Role of Blood Cytokine Levels and Adiposity in Myocardial Infarction Recurrence
Risk factors for myocardial infarction (MI) are important as cardiovascular disease is the leading cause of death. In fact, approximately one third of adults having an MI will have another in six years. The purpose of this study was to elucidate the role of adiposity, measured by body mass index (BMI), sagittal diameter, and waist/hip ratio, and blood cytokine (IL-6, TNFα, and CRP) levels in MI recurrence. A secondary analysis of data from a cross sectional study to determine factors associated with MI recurrence was used. The study sampled 156 participants who had experienced MI events in the last 3 to 7 years. Age, sex, adiposity, and cytokine levels were examined in single and recurrent-MI groups. We also tested for correlations between the anthropometric measures for adiposity and blood cytokine levels. The results suggested that high sensitivity CRP blood serum levels were significantly higher in adults with recurrent-MI (ρ = 0.05). Of the three cytokines studied, only CRP had a significant correlation with the measures of adiposity. These results suggest that CRP elevation is associated with recurrent-MI, and that high adiposity is correlated with CRP blood serum levels. Despite this, the connection between adiposity and recurrent-MI was not significant.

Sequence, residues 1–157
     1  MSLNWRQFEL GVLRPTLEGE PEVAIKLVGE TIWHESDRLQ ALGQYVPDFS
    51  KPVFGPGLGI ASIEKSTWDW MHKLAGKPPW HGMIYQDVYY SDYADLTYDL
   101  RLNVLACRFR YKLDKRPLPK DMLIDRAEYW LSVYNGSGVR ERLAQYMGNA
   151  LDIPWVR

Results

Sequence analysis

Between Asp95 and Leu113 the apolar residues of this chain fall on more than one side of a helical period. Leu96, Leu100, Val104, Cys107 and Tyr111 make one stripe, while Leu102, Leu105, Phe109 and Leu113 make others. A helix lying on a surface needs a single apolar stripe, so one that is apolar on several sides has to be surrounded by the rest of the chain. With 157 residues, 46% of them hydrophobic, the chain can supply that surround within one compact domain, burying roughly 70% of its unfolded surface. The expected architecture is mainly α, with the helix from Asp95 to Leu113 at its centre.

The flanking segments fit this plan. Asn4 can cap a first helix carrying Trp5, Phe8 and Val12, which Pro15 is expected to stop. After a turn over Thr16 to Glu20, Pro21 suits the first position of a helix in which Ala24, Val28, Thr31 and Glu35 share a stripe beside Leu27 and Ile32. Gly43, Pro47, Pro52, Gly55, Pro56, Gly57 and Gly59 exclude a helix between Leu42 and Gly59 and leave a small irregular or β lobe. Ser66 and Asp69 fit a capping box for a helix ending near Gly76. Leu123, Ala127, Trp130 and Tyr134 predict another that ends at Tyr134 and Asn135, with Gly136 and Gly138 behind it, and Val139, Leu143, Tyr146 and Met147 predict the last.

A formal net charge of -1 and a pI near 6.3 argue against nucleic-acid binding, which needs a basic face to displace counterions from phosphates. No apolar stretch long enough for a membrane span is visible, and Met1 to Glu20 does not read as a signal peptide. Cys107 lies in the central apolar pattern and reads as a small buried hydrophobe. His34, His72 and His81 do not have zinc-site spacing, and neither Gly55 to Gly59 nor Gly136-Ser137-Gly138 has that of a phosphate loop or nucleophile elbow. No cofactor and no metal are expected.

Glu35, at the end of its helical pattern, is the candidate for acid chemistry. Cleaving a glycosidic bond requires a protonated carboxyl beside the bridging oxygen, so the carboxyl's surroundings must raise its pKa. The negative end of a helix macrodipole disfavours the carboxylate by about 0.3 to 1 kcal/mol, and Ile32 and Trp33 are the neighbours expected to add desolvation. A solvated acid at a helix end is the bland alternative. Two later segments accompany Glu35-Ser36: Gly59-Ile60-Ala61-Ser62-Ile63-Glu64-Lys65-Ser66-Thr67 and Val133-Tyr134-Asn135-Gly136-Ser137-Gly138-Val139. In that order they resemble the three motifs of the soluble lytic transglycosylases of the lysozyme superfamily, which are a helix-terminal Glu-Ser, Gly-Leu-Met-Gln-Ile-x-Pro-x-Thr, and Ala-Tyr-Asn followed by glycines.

Gawdi, Rohin. (May 2018). Role of Blood Cytokine Levels and Adiposity in Myocardial Infarction Recurrence (Honors Thesis, East Carolina University). Retrieved from the Scholarship. (http://hdl.handle.net/10342/6817.)
Gawdi, Rohin. Role of Blood Cytokine Levels and Adiposity in Myocardial Infarction Recurrence. Honors Thesis. East Carolina University, May 2018. The Scholarship. http://hdl.handle.net/10342/6817. October 24, 2020.
Gawdi, Rohin, “Role of Blood Cytokine Levels and Adiposity in Myocardial Infarction Recurrence” (Honors Thesis., East Carolina University, May 2018).
Gawdi, Rohin. Role of Blood Cytokine Levels and Adiposity in Myocardial Infarction Recurrence [Honors Thesis]. Greenville, NC: East Carolina University; May 2018.